The GrowthBook PHP SDK requires PHP version 7.1 or greater.


GrowthBook is available on Composer:

composer require growthbook/growthbook

Quick Usage

// Get current feature flags from GrowthBook API
// TODO: persist the JSON in a database or cache in production
$apiResponse = json_decode(file_get_contents(FEATURES_ENDPOINT), true);
$features = $apiResponse["features"];

// Create a GrowthBook instance
$growthbook = Growthbook\Growthbook::create()
    'id' => $userId,
    'someCustomAttribute' => true

// Feature gating
if ($growthbook->isOn("my-feature")) {
  echo "It's on!";
} else {
  echo "It's off :(";

// Remote configuration with fallback
$color = $growthbook->getValue("button-color", "blue");

echo "<button style='color:${color}'>Click Me!</button>";

Some of the feature flags you evaluate might be running an A/B test behind the scenes which you'll want to track in your analytics system.

At the end of the request, you can loop through all experiments and track them however you want to:

$impressions = $growthbook->getViewedExperiments();
foreach($impressions as $impression) {
  // Whatever you use for event tracking
    "userId" => $userId,
    "event" => "Experiment Viewed",
    "properties" => [
      "experimentId" => $impression->experiment->key,
      "variationId" => $impression->result->variationId

The Growthbook Class

The Growthbook class has a number of properties. These can be set using a Fluent interface or can be passed into a constructor using an associative array. Every property also has a getter method if needed. Here's an example:

// Using the fluent interface
$growthbook = Growthbook\Growthbook::create()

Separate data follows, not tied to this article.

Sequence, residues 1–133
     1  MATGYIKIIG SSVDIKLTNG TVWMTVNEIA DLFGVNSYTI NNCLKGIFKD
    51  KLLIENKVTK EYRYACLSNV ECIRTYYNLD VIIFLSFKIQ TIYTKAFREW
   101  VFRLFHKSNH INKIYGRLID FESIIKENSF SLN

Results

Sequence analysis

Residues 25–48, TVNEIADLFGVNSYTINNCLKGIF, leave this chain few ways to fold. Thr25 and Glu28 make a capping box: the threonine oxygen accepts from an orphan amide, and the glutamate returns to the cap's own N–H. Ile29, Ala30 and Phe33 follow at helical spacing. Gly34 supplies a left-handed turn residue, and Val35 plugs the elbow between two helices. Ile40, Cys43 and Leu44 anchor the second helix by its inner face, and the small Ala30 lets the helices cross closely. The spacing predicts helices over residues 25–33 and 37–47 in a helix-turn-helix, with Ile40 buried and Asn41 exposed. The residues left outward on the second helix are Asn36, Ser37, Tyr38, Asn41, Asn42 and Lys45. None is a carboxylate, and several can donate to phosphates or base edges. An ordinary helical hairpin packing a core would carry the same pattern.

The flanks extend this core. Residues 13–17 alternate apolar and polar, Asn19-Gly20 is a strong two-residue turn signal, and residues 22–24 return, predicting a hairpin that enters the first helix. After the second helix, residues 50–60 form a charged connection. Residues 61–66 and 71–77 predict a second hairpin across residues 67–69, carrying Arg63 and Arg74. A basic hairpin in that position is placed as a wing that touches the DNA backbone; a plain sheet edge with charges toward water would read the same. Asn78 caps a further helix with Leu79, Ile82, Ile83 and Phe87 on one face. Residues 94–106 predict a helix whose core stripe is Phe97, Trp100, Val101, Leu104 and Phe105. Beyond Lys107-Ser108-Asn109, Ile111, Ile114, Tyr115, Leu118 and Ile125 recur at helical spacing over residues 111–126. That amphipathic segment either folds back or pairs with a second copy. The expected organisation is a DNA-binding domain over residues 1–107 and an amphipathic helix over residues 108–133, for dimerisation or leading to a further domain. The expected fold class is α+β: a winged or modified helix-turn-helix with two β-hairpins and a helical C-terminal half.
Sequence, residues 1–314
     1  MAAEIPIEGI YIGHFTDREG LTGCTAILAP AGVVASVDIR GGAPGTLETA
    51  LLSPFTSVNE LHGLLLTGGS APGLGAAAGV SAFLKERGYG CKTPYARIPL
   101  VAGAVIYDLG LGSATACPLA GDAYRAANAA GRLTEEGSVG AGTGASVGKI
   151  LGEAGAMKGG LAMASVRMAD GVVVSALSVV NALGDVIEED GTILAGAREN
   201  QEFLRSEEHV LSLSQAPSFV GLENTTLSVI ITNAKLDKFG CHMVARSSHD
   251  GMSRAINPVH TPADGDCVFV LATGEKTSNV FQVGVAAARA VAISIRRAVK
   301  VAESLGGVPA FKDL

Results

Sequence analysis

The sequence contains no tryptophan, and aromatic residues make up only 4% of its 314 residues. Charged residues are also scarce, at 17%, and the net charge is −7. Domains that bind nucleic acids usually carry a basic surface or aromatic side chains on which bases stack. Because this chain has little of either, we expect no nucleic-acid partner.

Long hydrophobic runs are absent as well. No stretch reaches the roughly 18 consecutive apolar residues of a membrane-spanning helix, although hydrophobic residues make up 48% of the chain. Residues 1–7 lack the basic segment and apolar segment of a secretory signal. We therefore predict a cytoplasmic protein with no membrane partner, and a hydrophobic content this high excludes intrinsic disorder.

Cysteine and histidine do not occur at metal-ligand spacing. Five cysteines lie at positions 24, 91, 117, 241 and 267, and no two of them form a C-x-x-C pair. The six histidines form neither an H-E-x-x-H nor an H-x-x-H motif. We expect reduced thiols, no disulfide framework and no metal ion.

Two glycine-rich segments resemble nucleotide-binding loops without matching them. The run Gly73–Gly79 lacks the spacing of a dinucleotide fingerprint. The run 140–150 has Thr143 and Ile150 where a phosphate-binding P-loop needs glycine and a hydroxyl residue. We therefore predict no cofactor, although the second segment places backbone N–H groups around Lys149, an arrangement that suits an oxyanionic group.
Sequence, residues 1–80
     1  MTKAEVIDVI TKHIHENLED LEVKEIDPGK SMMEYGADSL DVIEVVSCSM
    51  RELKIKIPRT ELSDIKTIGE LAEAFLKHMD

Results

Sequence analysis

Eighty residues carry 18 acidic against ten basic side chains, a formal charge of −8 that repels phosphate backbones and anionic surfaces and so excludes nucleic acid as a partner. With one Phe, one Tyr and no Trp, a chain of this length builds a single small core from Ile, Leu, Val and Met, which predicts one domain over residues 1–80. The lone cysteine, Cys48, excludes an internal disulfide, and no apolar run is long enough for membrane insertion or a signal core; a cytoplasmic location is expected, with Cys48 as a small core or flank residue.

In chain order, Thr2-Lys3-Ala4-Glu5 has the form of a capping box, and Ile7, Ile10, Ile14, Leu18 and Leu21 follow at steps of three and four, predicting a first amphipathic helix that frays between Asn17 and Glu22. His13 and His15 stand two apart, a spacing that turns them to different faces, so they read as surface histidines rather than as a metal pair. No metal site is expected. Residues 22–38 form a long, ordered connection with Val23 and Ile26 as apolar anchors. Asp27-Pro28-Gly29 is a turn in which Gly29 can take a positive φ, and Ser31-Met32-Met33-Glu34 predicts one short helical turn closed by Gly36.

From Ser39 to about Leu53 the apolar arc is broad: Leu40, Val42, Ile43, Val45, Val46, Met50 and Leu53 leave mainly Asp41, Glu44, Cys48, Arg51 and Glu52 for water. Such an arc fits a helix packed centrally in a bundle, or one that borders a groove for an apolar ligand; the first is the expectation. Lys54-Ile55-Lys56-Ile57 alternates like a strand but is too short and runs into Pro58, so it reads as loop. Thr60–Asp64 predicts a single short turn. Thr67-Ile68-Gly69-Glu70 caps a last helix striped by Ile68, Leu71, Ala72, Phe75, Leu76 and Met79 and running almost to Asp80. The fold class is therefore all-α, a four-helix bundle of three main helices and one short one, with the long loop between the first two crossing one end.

// Using the constructor
$growthbook = new Growthbook\Growthbook([
  'features' => $features,
  'attributes' => $attributes

// Getter methods

Note: you can also use the fluent methods (e.g. withFeatures) at any point to update properties.


Defines all of the available features plus rules for how to assign values to users. Features are usually fetched from the GrowthBook API and persisted in cache or a database in production.

Feature definitions are defined in a JSON format. You can fetch them directly from the GrowthBook API:

$apiResponse = json_decode(file_get_contents(FEATURES_ENDPOINT), true);
$features = $apiResponse["features"];

Or, you can use a copy stored in your database or cache server instead:

// From database/cache
$jsonString = '{"feature-1": {...}, "feature-2": {...}}';
$features = json_decode($jsonString, true);

We recomend the cache approach for production.


You can specify attributes about the current user and request. These are used for two things:

  1. Feature targeting (e.g. paid users get one value, free users get another)
  2. Assigning persistent variations in A/B tests (e.g. user id "123" always gets variation B)

Attributes can be any JSON data type - boolean, integer, float, string, or array.

$attributes = [
  'id' => "123",
  'loggedIn' => true,
  'deviceId' => "abc123def456",
  'age' => 21,
  'tags' => ["tag1", "tag2"],
  'account' => [
    'age' => 90

If you want to update attributes later, please note that the withAttributes method completely overwrites the attributes object. You can use array_merge if you only want to update a subset of fields:

// Only update the url attribute
    'url' => '/checkout'

Tracking Experiments

Any time an experiment is run to determine the value of a feature, you want to track that event in your analytics system.

You can either do this via a callback function:

$trackingCallback = function (
  Growthbook\InlineExperiment $experiment,
  Growthbook\ExperimentResult $result
) {
  // example
    "userId" => $userId,
    "event" => "Experiment Viewed",
    "properties" => [
      "experimentId" => $experiment->key,
      "variationId" => $result->variationId

// Fluent interface
$growthbook = Growthbook\Growthbook::create()

// Using the construtor
$growthbook = new Growthbook([
  'trackingCallback' => $trackingCallback

// Getter method
$trackingCallback = $growthbook->getTrackingCallback();

Or track all events at the end of the request by looping through an array:

$impressions = $growthbook->getViewedExperiments();